By Janell Hobson
Analyzes how race and gender intersect within the rhetoric and imagery of pop culture within the early twenty-first century.
In Body as Evidence, Janell Hobson demanding situations postmodernist dismissals of id politics and the delusional trust that the Millennial period displays a “postracial” and “postfeminist” global. Hobson issues to assorted examples in cultural narratives, which recommend that new media depend on outdated ideologies within the shaping of the physique politic.
Body as Evidence creates a theoretical mash-up of prose and poetry to light up the ways in which our bodies nonetheless subject as websites of political, cultural, and electronic resistance. It does so through studying a number of representations, from renowned exhibits like American Idol to public figures just like the Obamas to high-profile instances just like the Duke lacrosse rape scandal to present developments in electronic tradition. Hobson’s examine additionally discusses the ladies who've fueled and retooled twenty-first-century media to make feel of antiracist and feminist resistance. Her discussions comprise the electronica of Janelle Monáe, M.I.A., and Björk; the feminist movie odysseys of Wanuri Kahiu and Neloufer Pazira; and the embodied resistance came upon easily in elevating one’s voice in music, making a weblog, donning a veil, stripping bare, or planting a tree. Spinning wisdom out of this data overload, Hobson bargains a world black feminist meditation on how bodies mobilize, destabilize, and decolonize the meanings of race and gender in an more and more digitized and globalized world.
“By racializing the research of expertise, Janell Hobson brings to the vanguard a few extremely important concerns concerning the electronic divide. there's a tendency in a few components of academia to wholeheartedly rejoice new applied sciences with out giving sufficient proposal to how type, gender, race, and geographical divisions have an effect on either the creation and intake ends of the chain.” — Gail Dines, coeditor of Gender, Race, and sophistication in Media: A severe Reader, 3rd version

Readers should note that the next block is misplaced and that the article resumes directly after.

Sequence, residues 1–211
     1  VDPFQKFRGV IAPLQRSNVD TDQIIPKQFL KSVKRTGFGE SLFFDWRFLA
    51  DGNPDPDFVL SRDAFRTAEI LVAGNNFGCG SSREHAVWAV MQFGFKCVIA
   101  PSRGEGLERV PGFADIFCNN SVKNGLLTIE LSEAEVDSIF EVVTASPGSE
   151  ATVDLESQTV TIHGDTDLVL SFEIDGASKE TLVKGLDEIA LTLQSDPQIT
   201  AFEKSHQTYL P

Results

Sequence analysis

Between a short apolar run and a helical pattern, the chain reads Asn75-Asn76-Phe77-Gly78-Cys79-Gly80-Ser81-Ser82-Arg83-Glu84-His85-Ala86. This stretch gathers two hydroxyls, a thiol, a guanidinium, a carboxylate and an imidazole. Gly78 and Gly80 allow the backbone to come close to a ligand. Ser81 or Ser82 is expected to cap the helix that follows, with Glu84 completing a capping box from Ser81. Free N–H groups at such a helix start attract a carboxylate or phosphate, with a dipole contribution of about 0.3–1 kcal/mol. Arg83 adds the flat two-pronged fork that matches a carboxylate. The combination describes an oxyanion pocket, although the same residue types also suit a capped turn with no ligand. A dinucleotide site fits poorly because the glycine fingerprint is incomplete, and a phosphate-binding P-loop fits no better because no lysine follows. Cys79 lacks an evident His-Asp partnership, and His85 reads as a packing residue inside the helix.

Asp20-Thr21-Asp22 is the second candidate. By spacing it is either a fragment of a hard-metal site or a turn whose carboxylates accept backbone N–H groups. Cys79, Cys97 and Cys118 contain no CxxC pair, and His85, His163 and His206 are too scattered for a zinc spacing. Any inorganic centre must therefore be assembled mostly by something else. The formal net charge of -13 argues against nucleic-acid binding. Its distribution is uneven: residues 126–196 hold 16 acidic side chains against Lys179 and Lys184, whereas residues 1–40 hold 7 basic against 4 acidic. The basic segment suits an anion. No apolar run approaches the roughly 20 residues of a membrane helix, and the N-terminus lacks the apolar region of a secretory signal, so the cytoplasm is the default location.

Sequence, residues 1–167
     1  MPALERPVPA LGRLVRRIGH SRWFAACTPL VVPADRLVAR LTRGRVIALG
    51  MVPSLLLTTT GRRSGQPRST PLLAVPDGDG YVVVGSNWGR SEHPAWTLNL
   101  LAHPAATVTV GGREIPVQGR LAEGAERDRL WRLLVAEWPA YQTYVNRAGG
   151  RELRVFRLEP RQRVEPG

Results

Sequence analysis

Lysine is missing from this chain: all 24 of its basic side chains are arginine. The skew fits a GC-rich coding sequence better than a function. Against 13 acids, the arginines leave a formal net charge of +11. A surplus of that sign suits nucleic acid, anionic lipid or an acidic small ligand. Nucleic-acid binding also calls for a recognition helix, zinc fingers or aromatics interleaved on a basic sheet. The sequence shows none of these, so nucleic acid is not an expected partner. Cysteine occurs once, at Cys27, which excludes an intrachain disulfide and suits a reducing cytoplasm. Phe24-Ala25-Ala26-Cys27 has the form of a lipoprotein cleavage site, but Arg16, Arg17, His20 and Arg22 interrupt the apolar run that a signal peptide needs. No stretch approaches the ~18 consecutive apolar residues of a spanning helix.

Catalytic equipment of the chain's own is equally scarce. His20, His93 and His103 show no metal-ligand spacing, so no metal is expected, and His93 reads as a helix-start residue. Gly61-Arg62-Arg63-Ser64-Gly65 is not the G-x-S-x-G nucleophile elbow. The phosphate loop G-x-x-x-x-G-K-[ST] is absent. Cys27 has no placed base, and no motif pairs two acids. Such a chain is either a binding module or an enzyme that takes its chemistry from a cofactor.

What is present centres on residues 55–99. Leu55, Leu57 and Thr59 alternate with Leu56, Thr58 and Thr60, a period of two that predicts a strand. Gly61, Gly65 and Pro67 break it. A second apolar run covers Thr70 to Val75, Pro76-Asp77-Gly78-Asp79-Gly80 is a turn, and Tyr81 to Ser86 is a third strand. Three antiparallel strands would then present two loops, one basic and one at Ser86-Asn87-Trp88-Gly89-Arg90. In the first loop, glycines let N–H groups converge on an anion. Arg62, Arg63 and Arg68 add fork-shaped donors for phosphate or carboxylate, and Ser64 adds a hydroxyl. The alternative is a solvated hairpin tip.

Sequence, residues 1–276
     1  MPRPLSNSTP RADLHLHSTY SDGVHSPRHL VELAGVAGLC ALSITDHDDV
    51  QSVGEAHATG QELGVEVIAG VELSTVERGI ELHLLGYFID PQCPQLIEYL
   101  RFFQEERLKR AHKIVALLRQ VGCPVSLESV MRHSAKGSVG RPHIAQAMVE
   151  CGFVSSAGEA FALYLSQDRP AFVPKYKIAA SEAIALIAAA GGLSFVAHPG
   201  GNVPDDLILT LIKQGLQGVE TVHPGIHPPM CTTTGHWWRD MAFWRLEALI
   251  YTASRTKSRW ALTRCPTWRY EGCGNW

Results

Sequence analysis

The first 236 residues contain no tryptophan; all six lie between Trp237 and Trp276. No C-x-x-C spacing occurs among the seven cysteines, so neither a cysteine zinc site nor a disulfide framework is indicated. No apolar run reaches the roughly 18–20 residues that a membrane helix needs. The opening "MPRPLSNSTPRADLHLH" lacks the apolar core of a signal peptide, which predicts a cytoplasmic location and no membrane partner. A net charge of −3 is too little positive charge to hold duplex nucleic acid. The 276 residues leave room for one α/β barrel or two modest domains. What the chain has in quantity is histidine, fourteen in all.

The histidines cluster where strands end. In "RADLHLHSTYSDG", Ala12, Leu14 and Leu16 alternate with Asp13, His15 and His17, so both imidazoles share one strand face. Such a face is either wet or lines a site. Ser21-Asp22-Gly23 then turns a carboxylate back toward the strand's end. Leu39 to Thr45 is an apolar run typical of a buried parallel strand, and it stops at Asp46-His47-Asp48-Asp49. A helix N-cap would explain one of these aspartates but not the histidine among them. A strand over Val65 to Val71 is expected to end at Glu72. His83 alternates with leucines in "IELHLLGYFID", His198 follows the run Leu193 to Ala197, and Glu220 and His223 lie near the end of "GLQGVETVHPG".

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Extra resources for Body as Evidence: Mediating Race, Globalizing Gender
In fact, I would argue that the construction of “reality” vis‑à‑vis entertainment, regular Americanness, multiraciality, and myths of meritocracy and democracy—as offered through the spectacle of American Idol—encourages the belief that, if anyone could become the “next American Idol,” anyone could also become the “next American president,” thus enabling the kind of atmosphere that made it easier for Americans to vote for an African American man with a name that signals the dreaded Other, which we had come to identify in a post–September 11 “war on terror” world of immigrants, racial difference, gender norms and deviations, and global conflicts.
Ebert 2008) 21 22 Body as Evidence Ebert’s observation that Palin’s appeal relies on the same charisma as American Idol contestants is not necessarily revelatory. However, he has pinpointed a concern for how an image of “reality” has pitted ideals of ordinariness against values of exceptionalism. Both entities of the presidential election and the reality TV show are predicated on ideologies that we have learned to accept about our public figures—celebrities and political leaders—as well as on media manipulation of their image.
The wider context for “Single Ladies” are the dilemmas of the contemporary “single black female” in the United States, who is the least Understanding “The New Black” 45 likely of all adult American women to be married. From Terry McMillan’s Waiting to Exhale to Lisa Thompson’s off‑Broadway play, Single Black Female, to Helena Andrews’s Bitch Is the New Black (marketed as a black female version of Sex and the City) to the Queen Latifah–produced TV show taking its title from Beyoncé’s single, to the single status of high‑profile black women— including TV personality and mogul Oprah Winfrey and former secretary of state Condoleeza Rice—the specter of black “single ladies” had become hyper‑visible.